February 19, 2016
We cannot deny that the smartphone is an extension of ourselves, a staple in our daily lives. We spend more time with our phones than any other piece of technology. And yet, less than a decade ago, many doubted that mobile advertising should be a key area of investment –and ad-tech players are still playing catch up because of this belief.
Most people certainly never believed that the smartphone would be a mechanism to drive purchases or, at the very least, feature ads that could influence purchases at a later date.
But 2016 is here, and the current generation will only continue to demand more out of mobile.
Y it matters
This younger generation will provide information in exchange for a free market to view pictures, videos and relationship statuses. They will make purchases, even big ones, on their mobile devices and will choose to share their most intimate moments on their smartphones versus their laptops.
These consumers will bounce from game to news to gossip column to WebMD as fast as you can say Snapchat. They need not be loyal to any one publisher, because their mobile search results produce a wide variety of options to answer their questions.
As this generation has been given the luxury of choice, it is more important than ever for an ad to be relevant, especially on the platform where these users are most engaged.
With so much data now available to marketers, it is crucial that they understand the different types of data to create the best and most relevant user experience. Otherwise, these consumers will choose to go elsewhere.
If a marketer understands the buying behavior of a particular user, this not only leads to a more positive user experience – it ultimately may lead to a purchase. Can intent data signaling a potential decision to purchase be an important component of mobile advertising?
Baby and bathwater
Let us use a real-life example.
It is Thursday night at 7:30 p.m. I have the television on and I am scrolling through a premium news application. Mobile advertising’s initial charm was that the experience was uncluttered: one ad per page. This is no longer the case.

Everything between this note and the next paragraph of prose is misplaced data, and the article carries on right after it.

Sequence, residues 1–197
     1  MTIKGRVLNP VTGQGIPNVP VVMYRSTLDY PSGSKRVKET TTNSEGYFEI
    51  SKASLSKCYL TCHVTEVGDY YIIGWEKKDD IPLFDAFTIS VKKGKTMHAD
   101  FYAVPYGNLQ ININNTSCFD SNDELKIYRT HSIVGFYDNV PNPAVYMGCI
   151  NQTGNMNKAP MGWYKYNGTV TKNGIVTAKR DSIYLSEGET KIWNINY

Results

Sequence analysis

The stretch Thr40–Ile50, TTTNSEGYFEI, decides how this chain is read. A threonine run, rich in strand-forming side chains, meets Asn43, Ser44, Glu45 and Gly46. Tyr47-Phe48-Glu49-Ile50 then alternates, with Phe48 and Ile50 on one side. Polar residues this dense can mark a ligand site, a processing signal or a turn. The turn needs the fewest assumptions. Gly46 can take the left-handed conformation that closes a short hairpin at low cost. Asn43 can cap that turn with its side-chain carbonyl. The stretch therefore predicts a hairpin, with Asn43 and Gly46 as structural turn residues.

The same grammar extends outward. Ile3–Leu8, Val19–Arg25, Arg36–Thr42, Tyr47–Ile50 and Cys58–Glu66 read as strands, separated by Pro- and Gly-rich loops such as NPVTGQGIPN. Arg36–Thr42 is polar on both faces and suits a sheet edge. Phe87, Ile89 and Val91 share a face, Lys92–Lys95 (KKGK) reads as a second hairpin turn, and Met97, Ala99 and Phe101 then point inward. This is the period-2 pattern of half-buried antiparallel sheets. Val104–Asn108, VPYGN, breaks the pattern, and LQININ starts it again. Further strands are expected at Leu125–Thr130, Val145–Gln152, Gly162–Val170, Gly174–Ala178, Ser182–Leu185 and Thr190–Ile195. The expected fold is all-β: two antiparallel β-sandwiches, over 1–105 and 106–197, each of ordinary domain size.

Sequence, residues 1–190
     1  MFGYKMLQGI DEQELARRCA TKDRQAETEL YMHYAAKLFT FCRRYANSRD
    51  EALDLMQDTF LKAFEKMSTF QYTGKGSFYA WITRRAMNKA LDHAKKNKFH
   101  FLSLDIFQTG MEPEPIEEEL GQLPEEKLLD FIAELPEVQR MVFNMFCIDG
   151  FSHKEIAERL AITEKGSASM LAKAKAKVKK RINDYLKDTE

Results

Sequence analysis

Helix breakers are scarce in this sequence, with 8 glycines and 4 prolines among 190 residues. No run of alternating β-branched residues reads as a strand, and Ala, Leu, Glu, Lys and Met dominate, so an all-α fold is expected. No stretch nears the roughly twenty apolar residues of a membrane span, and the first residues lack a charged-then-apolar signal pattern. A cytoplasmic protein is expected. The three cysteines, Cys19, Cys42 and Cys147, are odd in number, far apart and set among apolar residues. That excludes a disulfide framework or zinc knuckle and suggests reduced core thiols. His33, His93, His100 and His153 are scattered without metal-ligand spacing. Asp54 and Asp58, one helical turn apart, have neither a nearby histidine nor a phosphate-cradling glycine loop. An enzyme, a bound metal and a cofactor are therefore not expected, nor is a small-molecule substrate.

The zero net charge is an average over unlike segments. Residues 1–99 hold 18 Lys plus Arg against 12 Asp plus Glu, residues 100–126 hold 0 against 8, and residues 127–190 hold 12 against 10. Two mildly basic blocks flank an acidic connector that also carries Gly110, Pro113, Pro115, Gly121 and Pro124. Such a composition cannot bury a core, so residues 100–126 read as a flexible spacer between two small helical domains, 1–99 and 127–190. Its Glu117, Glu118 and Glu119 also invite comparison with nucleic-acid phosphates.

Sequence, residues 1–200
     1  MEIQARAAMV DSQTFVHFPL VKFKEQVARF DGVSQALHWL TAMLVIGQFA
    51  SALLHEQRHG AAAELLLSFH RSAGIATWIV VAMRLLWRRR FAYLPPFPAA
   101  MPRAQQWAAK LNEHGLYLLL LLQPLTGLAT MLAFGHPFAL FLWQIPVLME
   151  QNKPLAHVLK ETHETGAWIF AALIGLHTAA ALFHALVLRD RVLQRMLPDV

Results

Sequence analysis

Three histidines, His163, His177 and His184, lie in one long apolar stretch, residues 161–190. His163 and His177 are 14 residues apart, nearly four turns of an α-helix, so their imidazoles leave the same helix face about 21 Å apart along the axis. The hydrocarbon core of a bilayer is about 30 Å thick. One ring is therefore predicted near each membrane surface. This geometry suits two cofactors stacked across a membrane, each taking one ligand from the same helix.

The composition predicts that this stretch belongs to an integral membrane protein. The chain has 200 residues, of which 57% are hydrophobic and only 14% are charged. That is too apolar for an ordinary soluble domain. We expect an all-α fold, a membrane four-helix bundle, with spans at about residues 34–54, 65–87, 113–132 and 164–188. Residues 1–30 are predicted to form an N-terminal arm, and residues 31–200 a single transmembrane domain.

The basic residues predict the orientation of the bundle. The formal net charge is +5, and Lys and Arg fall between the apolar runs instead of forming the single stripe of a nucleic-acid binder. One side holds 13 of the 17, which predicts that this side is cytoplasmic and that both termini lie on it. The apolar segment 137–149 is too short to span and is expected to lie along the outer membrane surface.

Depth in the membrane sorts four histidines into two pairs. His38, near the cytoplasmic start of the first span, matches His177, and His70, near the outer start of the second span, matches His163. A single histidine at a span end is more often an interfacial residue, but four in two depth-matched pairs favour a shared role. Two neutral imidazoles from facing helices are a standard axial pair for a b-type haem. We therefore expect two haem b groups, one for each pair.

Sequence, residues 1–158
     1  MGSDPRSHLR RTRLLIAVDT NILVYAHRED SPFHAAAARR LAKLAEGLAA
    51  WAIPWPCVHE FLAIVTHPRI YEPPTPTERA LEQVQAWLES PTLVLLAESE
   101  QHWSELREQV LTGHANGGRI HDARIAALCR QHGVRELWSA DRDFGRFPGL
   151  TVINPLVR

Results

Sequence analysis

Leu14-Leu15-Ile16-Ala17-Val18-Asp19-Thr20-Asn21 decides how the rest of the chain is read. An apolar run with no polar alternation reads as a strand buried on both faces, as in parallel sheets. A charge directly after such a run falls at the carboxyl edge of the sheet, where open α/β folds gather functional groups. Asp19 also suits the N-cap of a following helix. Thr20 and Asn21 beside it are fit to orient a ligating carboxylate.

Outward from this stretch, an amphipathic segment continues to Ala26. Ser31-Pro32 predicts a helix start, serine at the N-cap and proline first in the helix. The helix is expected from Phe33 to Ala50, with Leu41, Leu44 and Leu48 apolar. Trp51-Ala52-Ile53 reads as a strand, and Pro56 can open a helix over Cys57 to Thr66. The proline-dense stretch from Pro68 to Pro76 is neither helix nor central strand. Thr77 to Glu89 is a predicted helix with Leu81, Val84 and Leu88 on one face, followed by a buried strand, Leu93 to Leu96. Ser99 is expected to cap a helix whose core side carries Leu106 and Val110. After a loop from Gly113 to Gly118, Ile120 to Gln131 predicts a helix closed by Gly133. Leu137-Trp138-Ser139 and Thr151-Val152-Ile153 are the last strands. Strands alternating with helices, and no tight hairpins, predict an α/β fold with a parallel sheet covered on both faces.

We have seen so many recent examples of publishers that have disregarded the user experience in favor of creating a desktop-like experience masqueraded as a mobile one. This was my experience tonight: political ad, three ads in a row for a fancy keychain, and an “adhesion” unit asking me to download Hotels.com. Now.
But wait: a 300x250 emerges featuring dancing bubbles and a beautiful bouncing baby boy with a prominent Johnson & Johnson logo.
Do Johnson & Johnson know that I have a nine-month old? Do they know how much easier my life has been since introducing a bath with bubbles? Do they know that I searched for “safe baby bath products” several times in the past month? Do they know that I used the last of my Babyganics bottle and just texted myself “buy bubble bath” because my phone was closer to me than a pad of paper? Do they know how much bubble bath I have bought in the last month?
I do not know the answers to all of these questions. I do know that my behavior on my mobile device may have offered certain clues or signals that I am indeed a mother who believes very much in the soothing nature of a baby bubble bath before bedtime.
I am not certain if the brand chose to read these signals or if this was a coincidence that ultimately may lead to a purchase.
There is a great deal of data available to marketers today. Some data is more valuable than others. Accurate demographic data, for instance, will soon be table stakes as purchase and intent-based data becomes even more valuable.
If I know someone has bought products in my particular category, can I get them to buy more of my products? And can I use this data to reach users on the platform where they are spending so much of their time?
The answer is yes.
MARKETERS SHOULD align themselves with partners that have access to the right type of data to ensure that their ads are relevant, turning over more of their dollars to people-based advertising versus contextual spend and spray-and-pray-type models.
This may sound like an obvious statement, but there are still hurdles to understanding customers’ behavior, especially purchase behavior, as users jump from device to device.
So while marketers cannot control the aesthetics of a publisher’s page and the number of ads being shown, they can control the type of people they reach based on their past purchase decisions and potential to buy even more of those types of products.
Mobile advertising is still not perfect, but, at the very least, let us be relevant.
Heather Menery is head of revenue of Liquid, New York. Reach her at email@example.com.